This week, my spouse and I watched a live ice skating show. Throughout the show, some of the pieces were performed by the entire ensemble, while other pieces featured a solo skater.
The first solo was performed by a female skater. When she landed her first jump, I bought my hands together to clap, then stopped when I realized no one was clapping. I thought that was strange, but I admittedly have never been to a live ice-skating event before. The second solo skate was performed by a male skater, and when he landed his first jump, the audience applauded. “That’s strange,” I thought.
This happened again the same way with the next female skater (no applause), and the next male skater (applause). At that point, I pointed the pattern out to my spouse. He admitted he hadn’t noticed, and we continued to watch the show together, him now doing so though the lens of my observation. The pattern continued.
Two days later, my family was standing in one of four lines waiting to enter a different event. Each line had an attendant at the front, scanning people’s tickets. Our 11-year-old daughter turned to me and said, “Mom, look at that. All the guys are working on their own, but the one girl over there, she’s not allowed to work alone. She has a guy with her.“
Her comment drew our attention to the four attendants who are checking tickets. The four attendants were all wearing blue shirts. The three men were at their stations alone. The female attendant had a man standing beside her, looking over her shoulder. He was wearing a white shirt.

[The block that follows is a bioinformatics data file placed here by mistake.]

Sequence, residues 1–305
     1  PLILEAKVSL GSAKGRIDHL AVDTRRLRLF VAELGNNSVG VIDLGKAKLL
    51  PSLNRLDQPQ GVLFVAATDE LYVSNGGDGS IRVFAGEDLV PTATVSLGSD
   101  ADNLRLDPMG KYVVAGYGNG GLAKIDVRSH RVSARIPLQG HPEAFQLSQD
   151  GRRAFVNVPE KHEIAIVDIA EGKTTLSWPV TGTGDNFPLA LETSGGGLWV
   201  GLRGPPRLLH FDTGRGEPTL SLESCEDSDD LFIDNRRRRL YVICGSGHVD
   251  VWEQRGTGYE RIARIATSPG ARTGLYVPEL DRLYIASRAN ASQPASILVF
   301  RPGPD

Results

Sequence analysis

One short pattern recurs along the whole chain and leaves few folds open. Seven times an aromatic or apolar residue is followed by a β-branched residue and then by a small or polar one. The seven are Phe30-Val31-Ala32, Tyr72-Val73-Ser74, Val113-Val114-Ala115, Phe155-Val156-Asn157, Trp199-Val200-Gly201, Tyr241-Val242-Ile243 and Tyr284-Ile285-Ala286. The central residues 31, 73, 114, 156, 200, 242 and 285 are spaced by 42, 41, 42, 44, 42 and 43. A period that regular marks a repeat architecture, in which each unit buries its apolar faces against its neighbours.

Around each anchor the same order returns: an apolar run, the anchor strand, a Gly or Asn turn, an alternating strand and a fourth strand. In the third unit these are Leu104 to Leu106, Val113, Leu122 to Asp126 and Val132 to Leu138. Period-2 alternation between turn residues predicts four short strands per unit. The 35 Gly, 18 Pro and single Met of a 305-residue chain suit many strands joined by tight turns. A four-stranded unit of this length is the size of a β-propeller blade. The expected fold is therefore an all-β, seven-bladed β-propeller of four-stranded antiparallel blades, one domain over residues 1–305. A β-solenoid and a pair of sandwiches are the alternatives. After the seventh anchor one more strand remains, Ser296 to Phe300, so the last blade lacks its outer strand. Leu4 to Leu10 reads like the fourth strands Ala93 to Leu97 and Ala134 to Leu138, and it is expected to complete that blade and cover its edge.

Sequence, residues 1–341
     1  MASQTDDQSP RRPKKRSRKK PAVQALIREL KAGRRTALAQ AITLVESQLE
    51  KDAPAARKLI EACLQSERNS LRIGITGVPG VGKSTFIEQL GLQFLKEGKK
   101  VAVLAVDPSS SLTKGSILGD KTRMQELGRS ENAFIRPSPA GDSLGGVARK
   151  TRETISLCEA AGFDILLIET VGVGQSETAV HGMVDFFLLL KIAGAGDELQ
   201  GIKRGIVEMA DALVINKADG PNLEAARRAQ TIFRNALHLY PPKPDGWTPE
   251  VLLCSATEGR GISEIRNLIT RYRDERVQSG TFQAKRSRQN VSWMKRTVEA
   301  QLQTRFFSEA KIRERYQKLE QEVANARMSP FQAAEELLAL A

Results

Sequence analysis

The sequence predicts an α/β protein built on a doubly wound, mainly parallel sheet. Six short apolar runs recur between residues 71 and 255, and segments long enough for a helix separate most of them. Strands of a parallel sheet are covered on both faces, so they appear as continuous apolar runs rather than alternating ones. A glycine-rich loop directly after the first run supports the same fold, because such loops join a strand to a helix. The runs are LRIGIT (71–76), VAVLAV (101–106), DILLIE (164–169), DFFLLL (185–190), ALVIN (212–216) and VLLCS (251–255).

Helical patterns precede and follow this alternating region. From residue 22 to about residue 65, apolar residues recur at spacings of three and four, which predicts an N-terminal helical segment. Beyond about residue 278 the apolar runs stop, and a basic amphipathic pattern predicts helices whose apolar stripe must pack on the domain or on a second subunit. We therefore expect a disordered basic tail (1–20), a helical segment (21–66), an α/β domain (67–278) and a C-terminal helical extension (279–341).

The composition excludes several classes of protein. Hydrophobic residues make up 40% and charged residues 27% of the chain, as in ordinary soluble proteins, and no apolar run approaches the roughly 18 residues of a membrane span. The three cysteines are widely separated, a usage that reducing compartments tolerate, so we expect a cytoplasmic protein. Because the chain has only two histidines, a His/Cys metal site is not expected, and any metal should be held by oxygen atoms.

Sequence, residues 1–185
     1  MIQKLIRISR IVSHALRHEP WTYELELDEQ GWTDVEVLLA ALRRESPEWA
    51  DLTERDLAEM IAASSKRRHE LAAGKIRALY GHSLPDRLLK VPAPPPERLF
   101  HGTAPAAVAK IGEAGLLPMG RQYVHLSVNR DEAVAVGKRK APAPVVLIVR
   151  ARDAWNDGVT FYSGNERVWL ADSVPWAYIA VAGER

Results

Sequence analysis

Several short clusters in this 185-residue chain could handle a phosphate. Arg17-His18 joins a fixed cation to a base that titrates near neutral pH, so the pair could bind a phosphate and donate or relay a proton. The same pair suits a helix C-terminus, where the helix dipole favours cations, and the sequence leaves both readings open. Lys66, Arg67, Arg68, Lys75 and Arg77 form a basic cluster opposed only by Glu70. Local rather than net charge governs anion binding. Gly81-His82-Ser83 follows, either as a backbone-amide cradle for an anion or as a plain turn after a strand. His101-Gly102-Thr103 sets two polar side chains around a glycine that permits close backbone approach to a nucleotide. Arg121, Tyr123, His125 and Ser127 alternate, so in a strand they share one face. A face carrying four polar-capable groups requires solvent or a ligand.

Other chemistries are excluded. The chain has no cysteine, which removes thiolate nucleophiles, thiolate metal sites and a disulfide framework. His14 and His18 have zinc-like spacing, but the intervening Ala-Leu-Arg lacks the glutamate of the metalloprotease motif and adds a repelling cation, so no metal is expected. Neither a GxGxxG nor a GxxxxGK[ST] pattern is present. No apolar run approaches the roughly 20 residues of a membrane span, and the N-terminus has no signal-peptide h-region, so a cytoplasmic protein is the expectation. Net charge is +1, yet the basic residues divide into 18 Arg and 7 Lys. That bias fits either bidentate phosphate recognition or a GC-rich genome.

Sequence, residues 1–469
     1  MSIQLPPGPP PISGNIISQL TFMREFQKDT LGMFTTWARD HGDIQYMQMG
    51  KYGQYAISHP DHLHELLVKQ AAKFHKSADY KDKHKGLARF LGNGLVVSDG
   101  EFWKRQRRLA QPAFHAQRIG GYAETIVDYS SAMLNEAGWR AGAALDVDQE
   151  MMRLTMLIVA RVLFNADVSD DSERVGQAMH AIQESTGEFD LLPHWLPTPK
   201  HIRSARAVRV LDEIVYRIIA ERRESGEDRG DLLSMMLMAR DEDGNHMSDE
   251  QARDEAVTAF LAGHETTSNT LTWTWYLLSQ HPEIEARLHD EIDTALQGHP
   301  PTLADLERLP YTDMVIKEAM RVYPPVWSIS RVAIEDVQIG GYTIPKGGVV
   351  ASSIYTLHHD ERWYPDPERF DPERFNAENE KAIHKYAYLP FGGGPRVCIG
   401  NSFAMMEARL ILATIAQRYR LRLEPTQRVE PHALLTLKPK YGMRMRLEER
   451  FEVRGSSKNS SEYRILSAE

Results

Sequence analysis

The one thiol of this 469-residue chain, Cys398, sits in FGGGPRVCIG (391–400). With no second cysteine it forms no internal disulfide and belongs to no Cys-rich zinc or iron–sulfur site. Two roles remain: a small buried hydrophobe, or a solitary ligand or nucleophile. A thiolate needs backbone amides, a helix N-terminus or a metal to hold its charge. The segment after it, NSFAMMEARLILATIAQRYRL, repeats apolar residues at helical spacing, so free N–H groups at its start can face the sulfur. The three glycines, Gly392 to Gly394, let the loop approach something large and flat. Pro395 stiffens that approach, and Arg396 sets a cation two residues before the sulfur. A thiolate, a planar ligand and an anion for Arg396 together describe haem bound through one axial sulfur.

After a few minutes, the man in the white shirt moved to help a male attendant. I pointed this out to my daughter, and we talked about adjusting her interpretation based on this new observation. The man in the white shirt seemed to be supporting whomever requested his help, and continued to bounce around between attendants after that.
Classes I’ve taken in sociology, psychology, education, and women’s studies have all alerted me to the ways gender sometimes (always?) affects our expectations, behaviors, and experiences. How I see and make sense of the world is affected by my gender. I can’t take off that lens.
Women are sometimes mistreated, and being mistreated hurts. For instance, once a male colleague didn’t acknowledge me in collaborative work we had done together, and then when I brought it up to him later, he blamed me for his own lack of attribution. (That’s called gaslighting).
Now, did this happen because I am a woman? Or because he’s a forgetful, aloof, and/or an inconsiderate jerk? Both? Neither? Other? There is no one right answer to this question. Perhaps I too quickly assume instances like this are gender related. It rarely seems clear cut in these personal interactions.
While the interpersonal interactions are rarely clear cut, the research is pretty clear cut: there are patterns of discrimination against women in everything from healthcare (e.g., women experience delayed health diagnoses compared to men) to education (e.g., male gender-bias in college course evaluations). One of the benefits of research is that it can help us see patterns and trends like this, which is an important step in beginning to address gender-based discrimination. Knowing this research is perhaps partially why I’m sometimes quick to assign gender as the reason for hurt I experience.
I’ve recently challenged myself to check my assumptions about gender when I observe or engage in interactions. Some things may be about gender (some days I feel like everything is about gender!), but I owe it to myself and those I interact with to watch for patterns. The attendant was being helped, not surveilled.
Still, I don’t resent my gender-related wondering. The wondering is part of the liberation, I think. In retrospect, what I do resent is that when I saw a woman nail a landing in an ice rink, I didn’t applaud when she deserved it.